Thin kids might be fat adults., which I didn't bother to say.
I said thin athletic kids are more likely than thin non-athlete kids to be fat adults, because in training they develop high-calorie eating habits. And have other medical and developmental issues that can shorten their lifespan.

In black font, so how could you miss it? Does purple make it more true? Good, I'll try that sometime.
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Old 04-23-2009, 06:35 PM
 
604 posts, read 1,051,585 times
Reputation: 217
Quote:
Originally Posted by jtur88 View Post
No, I didn't say that at all. Read it again.

Fat kids will be fat adults, which I didn't bother to say.
Thin kids might be fat adults., which I didn't bother to say.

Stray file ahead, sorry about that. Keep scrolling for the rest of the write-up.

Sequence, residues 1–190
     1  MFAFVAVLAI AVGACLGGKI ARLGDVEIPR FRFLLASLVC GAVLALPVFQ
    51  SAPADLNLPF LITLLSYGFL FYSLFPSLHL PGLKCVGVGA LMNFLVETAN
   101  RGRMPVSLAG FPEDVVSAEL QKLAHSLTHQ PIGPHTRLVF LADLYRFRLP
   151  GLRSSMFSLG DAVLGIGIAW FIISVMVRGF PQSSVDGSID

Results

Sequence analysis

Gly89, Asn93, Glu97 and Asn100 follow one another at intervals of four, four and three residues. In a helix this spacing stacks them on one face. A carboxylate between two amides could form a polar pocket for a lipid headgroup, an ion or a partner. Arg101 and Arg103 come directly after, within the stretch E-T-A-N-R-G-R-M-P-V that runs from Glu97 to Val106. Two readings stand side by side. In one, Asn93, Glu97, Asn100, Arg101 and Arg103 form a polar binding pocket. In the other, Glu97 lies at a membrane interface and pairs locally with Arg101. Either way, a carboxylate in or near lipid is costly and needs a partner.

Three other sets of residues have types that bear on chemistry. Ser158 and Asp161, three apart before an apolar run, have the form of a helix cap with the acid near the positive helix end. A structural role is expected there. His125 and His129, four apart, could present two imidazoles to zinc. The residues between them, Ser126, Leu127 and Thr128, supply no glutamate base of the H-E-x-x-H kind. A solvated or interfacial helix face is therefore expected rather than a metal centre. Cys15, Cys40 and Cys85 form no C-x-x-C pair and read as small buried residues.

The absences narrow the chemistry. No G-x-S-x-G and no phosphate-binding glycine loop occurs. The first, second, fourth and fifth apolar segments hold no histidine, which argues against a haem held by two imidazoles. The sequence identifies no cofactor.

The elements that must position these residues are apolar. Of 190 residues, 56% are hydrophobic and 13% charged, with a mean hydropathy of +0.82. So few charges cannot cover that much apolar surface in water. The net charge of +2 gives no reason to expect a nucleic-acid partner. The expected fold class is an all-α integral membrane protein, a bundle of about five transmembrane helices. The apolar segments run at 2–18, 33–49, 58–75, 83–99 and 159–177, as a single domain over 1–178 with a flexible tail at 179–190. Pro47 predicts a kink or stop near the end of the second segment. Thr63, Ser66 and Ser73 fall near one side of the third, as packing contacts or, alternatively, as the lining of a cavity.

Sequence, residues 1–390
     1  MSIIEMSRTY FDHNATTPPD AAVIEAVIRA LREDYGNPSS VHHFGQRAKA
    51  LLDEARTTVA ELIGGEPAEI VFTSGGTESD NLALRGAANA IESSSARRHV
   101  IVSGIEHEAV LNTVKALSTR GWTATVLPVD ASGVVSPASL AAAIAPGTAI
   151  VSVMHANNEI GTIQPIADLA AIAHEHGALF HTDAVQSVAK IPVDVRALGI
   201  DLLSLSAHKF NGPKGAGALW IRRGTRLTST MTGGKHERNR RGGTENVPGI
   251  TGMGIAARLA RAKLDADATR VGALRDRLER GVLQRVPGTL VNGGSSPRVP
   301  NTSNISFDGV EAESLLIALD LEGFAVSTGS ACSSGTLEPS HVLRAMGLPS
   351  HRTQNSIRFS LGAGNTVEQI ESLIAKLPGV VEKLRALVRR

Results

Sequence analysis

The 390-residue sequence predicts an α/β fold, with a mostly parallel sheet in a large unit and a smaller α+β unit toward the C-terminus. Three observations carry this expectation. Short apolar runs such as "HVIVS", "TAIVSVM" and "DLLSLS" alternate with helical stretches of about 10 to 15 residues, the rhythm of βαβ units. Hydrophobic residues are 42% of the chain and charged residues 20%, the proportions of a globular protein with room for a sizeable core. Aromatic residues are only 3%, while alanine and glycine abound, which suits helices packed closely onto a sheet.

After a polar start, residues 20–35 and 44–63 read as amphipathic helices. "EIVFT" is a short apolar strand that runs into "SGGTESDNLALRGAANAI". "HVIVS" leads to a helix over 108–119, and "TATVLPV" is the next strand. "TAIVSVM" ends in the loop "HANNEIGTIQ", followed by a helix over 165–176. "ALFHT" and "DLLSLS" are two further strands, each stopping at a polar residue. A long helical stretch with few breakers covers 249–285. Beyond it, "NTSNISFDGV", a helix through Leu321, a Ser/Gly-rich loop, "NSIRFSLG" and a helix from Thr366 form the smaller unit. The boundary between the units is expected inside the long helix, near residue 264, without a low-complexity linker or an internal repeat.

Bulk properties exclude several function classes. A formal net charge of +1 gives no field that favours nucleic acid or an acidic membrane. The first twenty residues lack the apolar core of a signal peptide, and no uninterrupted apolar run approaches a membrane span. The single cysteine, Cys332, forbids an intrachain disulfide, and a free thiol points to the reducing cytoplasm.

I said thin athletic kids are more likely than thin non-athlete kids to be fat adults, because in training they develop high-calorie eating habits. And have other medical and developmental issues that can shorten their lifespan.

In black font, so how could you miss it? Does purple make it more true? Good, I'll try that sometime.
Yes, that's what I thought you said.....so I put your words in bold so you wouldn't miss it. You're saying that athletic kids are fatter than non-athletic kids as adults. Well and of course you used skinny non-atletes as your comparison. Either way, it's just not true. No matter what color you use.
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Old 04-23-2009, 06:49 PM
 
Location: Victoria TX
42,668 posts, read 71,653,762 times
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Quote:
Originally Posted by Dbledeez View Post
Yes, that's what I thought you said.....so I put your words in bold so you wouldn't miss it. You're saying that athletic kids are fatter than non-athletic kids as adults. Well and of course you used skinny non-atletes as your comparison. Either way, it's just not true. No matter what color you use.